Imaging for Thyroid Eye Disease

Because thyroid eye disease (TED) can cause a wide variety of signs and symptoms, doctors use different exams and tests to diagnose and monitor the condition. TED symptoms, such as vision changes, pain, and inflammation, can also be caused by a number of conditions. Doctors and TED specialists may use several tests to rule out other conditions before determining a diagnosis of TED.1

After taking your medical and symptom history, your TED doctor may recommend imaging tests, including CT and MRI scans. Imaging exams of your eyes and face are used to diagnose TED and monitor the severity or progression of the disease. These tests are also used along with other exams and tests to help manage TED.1,2

CT scan

A computed tomography (CT) scan, also called a CAT scan, is a type of imaging tool that uses special X-ray equipment to create cross-sectional views of the inside of the body. A CT scan may be used in the diagnosis of TED or to see progressive (worsening) changes caused by TED.2

MRI

Magnetic resonance imaging (MRI) is a common tool for diagnosing TED. MRI machines use a powerful magnet and radio waves to take an image of the inside of the body. Unlike CT scans, MRI does not use any radiation. This makes it a helpful imaging tool for people who should not receive radiation, such as children or people who are pregnant.3

The images created by MRI are very clear. However, they take longer to complete. X-rays and CT scans take seconds to minutes to finish. MRIs can take many minutes to an hour or longer depending on the part of the body imaged.3

An MRI machine has a tube-like opening you will be guided into. How far you are placed inside the tube depends on the area of the body your doctor wants to be scanned. If you are uncomfortable in enclosed spaces, tell your doctor or the MRI technician before your scan. Some facilities have open MRI machines that reduce the feeling of being enclosed. If needed, your doctor can give you medicine before the MRI to help you relax.3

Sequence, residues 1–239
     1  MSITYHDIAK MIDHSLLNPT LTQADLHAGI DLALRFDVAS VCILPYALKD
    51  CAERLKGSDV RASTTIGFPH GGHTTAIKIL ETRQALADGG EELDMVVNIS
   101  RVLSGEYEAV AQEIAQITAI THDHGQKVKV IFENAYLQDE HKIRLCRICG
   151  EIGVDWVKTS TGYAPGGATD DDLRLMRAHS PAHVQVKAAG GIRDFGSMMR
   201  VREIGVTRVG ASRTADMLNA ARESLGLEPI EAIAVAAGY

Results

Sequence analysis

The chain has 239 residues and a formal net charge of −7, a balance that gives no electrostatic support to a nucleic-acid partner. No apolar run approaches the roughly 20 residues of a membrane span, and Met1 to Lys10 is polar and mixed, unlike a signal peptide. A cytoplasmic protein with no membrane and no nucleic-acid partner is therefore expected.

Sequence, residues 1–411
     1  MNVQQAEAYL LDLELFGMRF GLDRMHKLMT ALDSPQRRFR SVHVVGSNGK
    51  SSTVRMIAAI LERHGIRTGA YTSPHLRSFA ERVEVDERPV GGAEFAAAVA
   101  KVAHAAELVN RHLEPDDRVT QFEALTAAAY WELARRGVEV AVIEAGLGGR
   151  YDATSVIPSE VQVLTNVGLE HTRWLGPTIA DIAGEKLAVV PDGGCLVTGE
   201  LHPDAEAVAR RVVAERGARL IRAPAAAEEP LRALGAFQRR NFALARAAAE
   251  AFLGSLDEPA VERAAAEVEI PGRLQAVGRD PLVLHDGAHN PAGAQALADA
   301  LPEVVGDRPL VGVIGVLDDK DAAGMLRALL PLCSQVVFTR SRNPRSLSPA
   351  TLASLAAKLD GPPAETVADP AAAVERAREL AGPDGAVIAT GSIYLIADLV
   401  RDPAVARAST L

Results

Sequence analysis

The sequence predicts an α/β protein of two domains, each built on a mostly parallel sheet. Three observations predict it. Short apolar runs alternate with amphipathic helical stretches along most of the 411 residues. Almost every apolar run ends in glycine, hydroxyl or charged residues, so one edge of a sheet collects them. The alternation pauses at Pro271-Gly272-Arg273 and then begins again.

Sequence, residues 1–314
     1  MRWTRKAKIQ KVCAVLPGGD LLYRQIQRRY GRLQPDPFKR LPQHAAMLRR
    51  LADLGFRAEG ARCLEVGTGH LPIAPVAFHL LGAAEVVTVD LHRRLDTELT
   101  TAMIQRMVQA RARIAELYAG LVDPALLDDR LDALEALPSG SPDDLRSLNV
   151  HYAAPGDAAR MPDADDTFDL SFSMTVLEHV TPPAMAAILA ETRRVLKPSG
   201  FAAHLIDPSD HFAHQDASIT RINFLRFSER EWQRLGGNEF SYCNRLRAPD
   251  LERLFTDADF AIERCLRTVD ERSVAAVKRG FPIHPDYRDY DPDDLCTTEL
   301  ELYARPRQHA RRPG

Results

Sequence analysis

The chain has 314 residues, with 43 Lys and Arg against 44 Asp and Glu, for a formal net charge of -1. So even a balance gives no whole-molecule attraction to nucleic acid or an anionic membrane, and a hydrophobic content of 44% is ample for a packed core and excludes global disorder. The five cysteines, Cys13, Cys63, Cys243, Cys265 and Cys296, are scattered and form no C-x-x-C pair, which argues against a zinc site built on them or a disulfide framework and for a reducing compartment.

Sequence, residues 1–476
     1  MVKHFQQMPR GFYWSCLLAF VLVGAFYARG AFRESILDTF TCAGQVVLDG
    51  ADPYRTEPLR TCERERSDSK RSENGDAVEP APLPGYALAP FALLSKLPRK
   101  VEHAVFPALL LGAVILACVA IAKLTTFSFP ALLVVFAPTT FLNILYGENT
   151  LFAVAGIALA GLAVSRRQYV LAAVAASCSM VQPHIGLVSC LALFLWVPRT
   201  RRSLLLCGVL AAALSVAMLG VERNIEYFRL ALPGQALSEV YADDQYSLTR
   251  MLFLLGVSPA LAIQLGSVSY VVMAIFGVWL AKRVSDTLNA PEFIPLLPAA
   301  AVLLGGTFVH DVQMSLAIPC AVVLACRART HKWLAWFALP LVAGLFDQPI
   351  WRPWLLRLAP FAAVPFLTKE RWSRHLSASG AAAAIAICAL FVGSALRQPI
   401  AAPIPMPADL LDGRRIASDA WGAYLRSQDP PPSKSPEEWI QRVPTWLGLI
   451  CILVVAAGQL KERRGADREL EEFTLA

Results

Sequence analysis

CT and MRI findings in TED

In the case of TED, a CT or MRI scan of the orbits (bony eye sockets) would show some abnormalities, such as:2,4,5

  • Swelling of the muscles that attach to the eye (extraocular muscles)
  • Damage to the bundle of nerves in the eye known as the optic nerve (optic neuropathy)
  • Choroidal folds, which are lines in the layer of the eye with many blood vessels (known as the choroid). The choroid layer provides the outer layers of the retina of the eye with nutrition and oxygen. Choroidal folds may be harmless, or they could lead to decreased vision.
  • Orbital fat swelling (fat behind the eye)
  • Inflammation of the eye tissues

Conventional X-ray is not useful in diagnosing TED because bone abnormality that is found on X-ray does not usually occur in TED. MRI and CT scans show abnormalities of soft tissue, muscles, nerves, and fat, which are common in TED.2

Your TED specialist, an eye doctor specializing in the diagnosis and treatment of TED, might have other tests they recommend.2

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Written by: Katie Murphy | Last reviewed: October 2021